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Thatís why I avoid aluminum water heaters. They do the same hing. Iíve also seen a jelly like substance clinging to the walls of aluminum water tanks.

I donít know why boat builders use aluminum water tanks. A good plastic tank should be cheaper and easier to keep clean.
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Old 03-17-2019, 03:46 PM   #17
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I'm not sure how basic Aluminum Chloride is, but if you put some of it in a acid, say vinegar, and it fizzes then it's either some sort of carbonate or bicarbonate. The stronger the acid the more the reaction. I can't imagine A C doing that.
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Old 03-17-2019, 05:11 PM   #18
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Hi Bud,

Thanks for posting some additional pictures of your tank interior. I would suggest that leeman's suggestion regarding an attempt to dissolve the material in distilled white vinegar may provide some clarity, and may well shed light on this issue.

A question for leeman-what do you hypothesize as the source of the carbonate ion, which bonds with water, to potentially form a carbonate residue inside a boat's fresh water tank? Carbonates typically are found in such as terrestrial caves, the result of relatively-acidic water dripping through limestone. I'm open to suggestions!

I've asked many folks for their opinion on "stuff" such as found in Bud's tank, but haven't had confirmation of anything yet. Lots of opinions (like mine!), but little evidence. I've been told such deposits could be aluminum oxide, washed off the surface of the tank as it oxidizes. But oxides of aluminum are REALLY hard (they're used as abrasives), and the deposits I've seen in free-floating form inside water tanks aren't. In addition, aluminum oxide is tenacious stuff-it doesn't want to leave it's aluminum home! Other possibilities for Bud's deposits are possibly some form of a magnesium chloride, as magnesium is the major alloying element in the (typical) 5000-series marine alloys, and the chlorine is floating around in city water inside the tank.

So back to Bud's original question-wha zis? My answer-beat's me, but IMO it's aluminum chloride. Given he's got access to the interior of the tank, a thorough cleaning with good old soap and water may be in order, and perhaps an attempt made to dislodge one of the crusticles seen in the tank seams. And an attempt to crush one of his nodules would be instructive as well.

Regards,

Pete
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Old 03-17-2019, 05:33 PM   #19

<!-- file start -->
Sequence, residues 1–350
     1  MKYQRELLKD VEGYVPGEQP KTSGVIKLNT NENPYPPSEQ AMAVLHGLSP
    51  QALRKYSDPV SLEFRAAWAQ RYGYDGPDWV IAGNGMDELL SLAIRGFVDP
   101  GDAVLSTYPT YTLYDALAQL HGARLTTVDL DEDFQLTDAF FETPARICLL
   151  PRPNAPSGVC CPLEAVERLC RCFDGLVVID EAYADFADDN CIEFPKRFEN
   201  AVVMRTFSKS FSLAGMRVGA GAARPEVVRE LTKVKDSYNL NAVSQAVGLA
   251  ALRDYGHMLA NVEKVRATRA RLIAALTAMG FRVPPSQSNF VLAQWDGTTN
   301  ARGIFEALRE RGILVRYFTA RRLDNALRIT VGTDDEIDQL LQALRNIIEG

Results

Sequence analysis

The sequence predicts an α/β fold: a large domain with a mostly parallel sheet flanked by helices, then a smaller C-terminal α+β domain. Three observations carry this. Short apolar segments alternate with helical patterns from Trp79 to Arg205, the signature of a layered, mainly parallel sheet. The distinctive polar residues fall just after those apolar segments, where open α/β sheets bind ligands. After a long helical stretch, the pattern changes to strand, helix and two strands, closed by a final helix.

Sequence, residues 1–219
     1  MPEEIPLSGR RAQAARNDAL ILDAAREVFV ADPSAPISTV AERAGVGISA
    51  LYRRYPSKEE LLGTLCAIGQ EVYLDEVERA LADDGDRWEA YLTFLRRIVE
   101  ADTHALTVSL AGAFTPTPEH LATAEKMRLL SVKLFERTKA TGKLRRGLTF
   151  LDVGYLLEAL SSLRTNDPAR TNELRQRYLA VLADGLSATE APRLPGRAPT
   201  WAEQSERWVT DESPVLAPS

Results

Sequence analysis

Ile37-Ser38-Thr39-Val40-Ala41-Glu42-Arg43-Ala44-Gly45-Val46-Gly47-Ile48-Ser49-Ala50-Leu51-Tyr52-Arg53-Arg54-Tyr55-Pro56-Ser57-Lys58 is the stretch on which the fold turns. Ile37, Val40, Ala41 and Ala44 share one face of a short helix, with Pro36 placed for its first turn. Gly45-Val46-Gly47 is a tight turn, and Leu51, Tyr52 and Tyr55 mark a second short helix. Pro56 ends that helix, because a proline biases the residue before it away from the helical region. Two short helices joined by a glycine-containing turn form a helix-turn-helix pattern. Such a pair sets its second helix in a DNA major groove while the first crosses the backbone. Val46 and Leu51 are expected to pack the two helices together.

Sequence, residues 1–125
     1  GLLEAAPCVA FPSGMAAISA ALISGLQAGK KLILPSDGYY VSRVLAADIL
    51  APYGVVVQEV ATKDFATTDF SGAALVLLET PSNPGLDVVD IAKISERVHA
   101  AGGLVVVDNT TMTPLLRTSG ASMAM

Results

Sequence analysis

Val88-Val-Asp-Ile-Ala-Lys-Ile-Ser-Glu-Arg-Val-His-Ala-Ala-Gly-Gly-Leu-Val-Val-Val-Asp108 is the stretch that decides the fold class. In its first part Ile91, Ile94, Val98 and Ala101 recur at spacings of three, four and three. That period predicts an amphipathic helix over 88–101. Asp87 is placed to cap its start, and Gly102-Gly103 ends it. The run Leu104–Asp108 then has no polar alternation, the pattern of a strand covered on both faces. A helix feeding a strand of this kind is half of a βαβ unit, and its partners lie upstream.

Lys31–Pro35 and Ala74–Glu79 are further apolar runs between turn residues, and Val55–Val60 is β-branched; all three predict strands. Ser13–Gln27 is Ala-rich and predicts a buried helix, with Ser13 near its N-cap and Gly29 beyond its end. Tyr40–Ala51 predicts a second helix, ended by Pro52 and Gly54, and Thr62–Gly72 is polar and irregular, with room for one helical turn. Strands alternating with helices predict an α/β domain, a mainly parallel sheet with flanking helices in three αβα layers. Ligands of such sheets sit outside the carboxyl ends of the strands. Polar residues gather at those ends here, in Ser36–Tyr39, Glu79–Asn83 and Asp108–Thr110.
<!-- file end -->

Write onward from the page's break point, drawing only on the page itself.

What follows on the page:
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Hi Bud,

Thanks for posting some additional pictures of your tank interior. I would suggest that leeman's suggestion regarding an attempt to dissolve the material in distilled white vinegar may provide some clarity, and may well shed light on this issue.

A question for leeman-what do you hypothesize as the source of the carbonate ion, which bonds with water, to potentially form a carbonate residue inside a boat's fresh water tank? Carbonates typically are found in such as terrestrial caves, the result of relatively-acidic water dripping through limestone. I'm open to suggestions!

I've asked many folks for their opinion on "stuff" such as found in Bud's tank, but haven't had confirmation of anything yet. Lots of opinions (like mine!), but little evidence. I've been told such deposits could be aluminum oxide, washed off the surface of the tank as it oxidizes. But oxides of aluminum are REALLY hard (they're used as abrasives), and the deposits I've seen in free-floating form inside water tanks aren't. In addition, aluminum oxide is tenacious stuff-it doesn't want to leave it's aluminum home! Other possibilities for Bud's deposits are possibly some form of a magnesium chloride, as magnesium is the major alloying element in the (typical) 5000-series marine alloys, and the chlorine is floating around in city water inside the tank.

So back to Bud's original question-wha zis? My answer-beat's me, but IMO it's aluminum chloride. Given he's got access to the interior of the tank, a thorough cleaning with good old soap and water may be in order, and perhaps an attempt made to dislodge one of the crusticles seen in the tank seams. And an attempt to crush one of his nodules would be instructive as well.

Regards,

Pete
I would think the carbonate is CaCo3 or CaMgCo3. Could also be ?HCo3. Likely from the water. Well water in my neck of the woods is very high. Although the rivers are significantly lower, because they originate in the mountains they still contain low levels of carbonate/bicarbonate. At higher PH's it tends to express as bicarbonate. You may have very pure water in your home port, but where you tie up for the night might be getting their water from a well.
I'm retired so getting a little rusty at this...
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Old 03-17-2019, 07:41 PM   #20
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Is there any simple test I can do to find out what it is or at least rule something out.